In thinking about the prospective for Orthodox theology in general, Archpriest John Erickson, who is former Dean of Saint Vladimir’s Seminary in New York, also notes the need for deepened fellowship within the church, given that this “helps us to overcome the temptation of schism and gives us more opportunity to meet and get to know each other.”
“I think this is important in terms of education, which also shouldn’t be reduced simply to the field of preparation in academic theology, the study of the Holy Fathers, and even homiletics,” says Fr John (Erickson). “Theological education should have its root in the life of the Church by means of dialogue between different schools and traditions, and not simply tend to the development of “theological sects”, which grow independently of one another.”
For our young people, Fr. John (Erickson) believes that it is extremely important to be drawn into the life of the church. It is imperative that a person have the experience of fellowship with people who have less than he does, or who are less able than he is, as well as the experience of helping them, because in this aid is a true measure of our care for others. “In my youth, I tremendously loved reading to the blind or partially-sighted,” he recalls, “I loved to read books in general, but the main joy is that you can bring joy into someone else's life. That experience can take many different forms, and is as necessary to us as oxygen itself – especially for the younger person.”
As the developer of the concept of baptismal ecclesiology, Fr John (Erickson) also believes that today it is vitally important that we pay attention to how we understand baptism and entry into the Church. “Baptism presupposes a certain particular preparation, not only the study of a set of teachings about the faith, but the inclusion of the person into the real, day-to-day life functioning of the church community,” he says. “Godparents are necessary not so that afterwards there will be someone to care for the child. Their traditional significance is that there would be a person with church experience to help us in terms of choosing a Christian path – that a person, having prepared for baptism, would then be able to fully re-orient his life.” He also stresses that baptism mustn’t be taken on as an individual experience, but as enfolding into the life of a Christian community.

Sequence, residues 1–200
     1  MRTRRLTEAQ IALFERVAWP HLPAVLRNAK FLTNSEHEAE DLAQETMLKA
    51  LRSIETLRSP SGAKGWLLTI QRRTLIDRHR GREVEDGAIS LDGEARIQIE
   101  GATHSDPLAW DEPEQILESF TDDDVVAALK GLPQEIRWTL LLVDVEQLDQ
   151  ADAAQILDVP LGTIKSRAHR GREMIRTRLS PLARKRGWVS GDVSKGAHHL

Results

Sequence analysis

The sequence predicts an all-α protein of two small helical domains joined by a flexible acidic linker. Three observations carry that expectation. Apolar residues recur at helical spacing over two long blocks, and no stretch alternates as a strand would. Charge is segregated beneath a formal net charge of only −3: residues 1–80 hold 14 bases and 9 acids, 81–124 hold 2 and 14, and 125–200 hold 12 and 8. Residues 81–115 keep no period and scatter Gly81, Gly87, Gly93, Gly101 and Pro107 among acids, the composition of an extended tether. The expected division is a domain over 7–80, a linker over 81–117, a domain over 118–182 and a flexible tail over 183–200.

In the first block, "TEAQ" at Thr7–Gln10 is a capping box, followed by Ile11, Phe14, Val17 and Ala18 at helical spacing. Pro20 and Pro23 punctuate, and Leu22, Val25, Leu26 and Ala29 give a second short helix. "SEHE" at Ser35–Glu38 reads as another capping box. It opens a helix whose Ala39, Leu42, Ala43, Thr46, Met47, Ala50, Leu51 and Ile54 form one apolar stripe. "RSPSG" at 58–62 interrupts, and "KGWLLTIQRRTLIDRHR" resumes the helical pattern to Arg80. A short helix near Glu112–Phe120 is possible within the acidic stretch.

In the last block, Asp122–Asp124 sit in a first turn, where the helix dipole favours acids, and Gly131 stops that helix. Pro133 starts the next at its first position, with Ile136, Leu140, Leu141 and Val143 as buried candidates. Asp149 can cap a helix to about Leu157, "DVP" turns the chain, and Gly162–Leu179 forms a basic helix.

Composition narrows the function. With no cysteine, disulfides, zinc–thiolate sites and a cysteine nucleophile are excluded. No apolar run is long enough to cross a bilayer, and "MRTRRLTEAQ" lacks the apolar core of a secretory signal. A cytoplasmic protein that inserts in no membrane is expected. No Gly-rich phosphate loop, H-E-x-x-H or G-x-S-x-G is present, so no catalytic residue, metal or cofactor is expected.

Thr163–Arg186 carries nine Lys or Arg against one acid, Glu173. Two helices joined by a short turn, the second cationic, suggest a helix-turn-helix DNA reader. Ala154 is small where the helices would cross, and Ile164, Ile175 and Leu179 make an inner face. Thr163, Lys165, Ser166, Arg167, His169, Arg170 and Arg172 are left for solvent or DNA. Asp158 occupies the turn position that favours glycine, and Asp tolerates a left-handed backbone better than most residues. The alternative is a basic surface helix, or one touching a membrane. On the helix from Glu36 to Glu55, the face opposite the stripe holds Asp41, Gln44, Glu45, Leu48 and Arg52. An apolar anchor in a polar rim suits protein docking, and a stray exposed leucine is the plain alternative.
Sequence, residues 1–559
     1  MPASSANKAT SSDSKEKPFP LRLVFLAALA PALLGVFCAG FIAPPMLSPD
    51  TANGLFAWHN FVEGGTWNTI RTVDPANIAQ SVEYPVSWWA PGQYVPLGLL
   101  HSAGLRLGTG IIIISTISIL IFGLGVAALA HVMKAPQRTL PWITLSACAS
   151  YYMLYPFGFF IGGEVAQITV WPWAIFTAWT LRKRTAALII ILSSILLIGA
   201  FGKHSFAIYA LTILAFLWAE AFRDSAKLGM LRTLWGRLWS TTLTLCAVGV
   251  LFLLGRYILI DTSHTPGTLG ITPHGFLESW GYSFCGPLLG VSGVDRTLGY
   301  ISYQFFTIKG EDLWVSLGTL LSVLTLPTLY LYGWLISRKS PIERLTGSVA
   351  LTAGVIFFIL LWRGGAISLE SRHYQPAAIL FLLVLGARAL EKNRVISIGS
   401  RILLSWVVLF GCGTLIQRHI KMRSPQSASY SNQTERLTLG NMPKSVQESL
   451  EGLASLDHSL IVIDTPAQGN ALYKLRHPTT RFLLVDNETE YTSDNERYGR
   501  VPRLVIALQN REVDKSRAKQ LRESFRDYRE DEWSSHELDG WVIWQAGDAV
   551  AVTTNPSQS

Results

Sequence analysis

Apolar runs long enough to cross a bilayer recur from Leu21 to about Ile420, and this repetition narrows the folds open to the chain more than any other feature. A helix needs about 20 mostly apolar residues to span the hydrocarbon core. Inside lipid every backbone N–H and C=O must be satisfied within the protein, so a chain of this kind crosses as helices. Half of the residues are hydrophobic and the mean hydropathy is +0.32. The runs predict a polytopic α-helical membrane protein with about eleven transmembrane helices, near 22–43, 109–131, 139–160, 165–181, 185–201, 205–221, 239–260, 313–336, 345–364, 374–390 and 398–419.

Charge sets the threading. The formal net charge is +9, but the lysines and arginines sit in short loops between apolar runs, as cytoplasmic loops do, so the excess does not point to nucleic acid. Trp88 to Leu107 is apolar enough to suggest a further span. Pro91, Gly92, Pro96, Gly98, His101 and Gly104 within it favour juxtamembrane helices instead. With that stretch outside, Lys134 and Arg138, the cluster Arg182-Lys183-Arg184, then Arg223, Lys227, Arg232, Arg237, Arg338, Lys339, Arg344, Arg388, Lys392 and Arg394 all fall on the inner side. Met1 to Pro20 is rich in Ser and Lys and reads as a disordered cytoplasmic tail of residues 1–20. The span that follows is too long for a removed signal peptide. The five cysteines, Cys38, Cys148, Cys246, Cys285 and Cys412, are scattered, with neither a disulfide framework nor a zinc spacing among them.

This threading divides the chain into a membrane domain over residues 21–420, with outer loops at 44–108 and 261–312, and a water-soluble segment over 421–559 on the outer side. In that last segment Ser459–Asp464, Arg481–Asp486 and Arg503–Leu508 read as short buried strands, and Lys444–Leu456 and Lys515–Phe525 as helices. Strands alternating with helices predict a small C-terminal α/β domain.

Whether we are talking about baptism, the Eucharist or another of the other mysteries of the Church, they are all associated with the Church’s service, which is “always about helping people to die – to bear their crosses, i.e. die to themselves, thereby gaining the possibility to live for others,” believes current Dean of St Vladimir’s Orthodox Seminary, Fr. John Behr. “For the Church – especially the church as a structure – it isn’t always easy to admit this, insofar as we are focused on the everyday,” Fr. John says. “It is very easy to turn church life, for instance, into social work. Yes, we need to help the poor and the homeless, but this isn’t the main goal, after all. The goal is to enter into another life, which Christ is proposing to us.”
“The witness of others is always necessary,” says Fr John, “so that we can understand that that other life really does exist. In the ancient church this was the witness that the martyrs. In the centuries that followed, after Emperor Constantine, the monastic movement took this witness upon itself. Our contemporary situation doesn’t resemble anything in the past, and demands its own answers.”
“Discernment and Christian Life”, is what this year’s annual Bose symposium on Orthodox spirituality was called. The symposium took place at the Bose monastery between 5 and 8 September. More than 200 people from 32 countries attended. St. Philaret’s Orthodox Christian Institute and the Transfiguration Brotherhood were represented by President of the Transfiguration Cultural-Educational Centre, Alexey Naumov, SFI Deputy Rector, Marina Naumov, and SFI Press Secretary, Sofia Androsenko.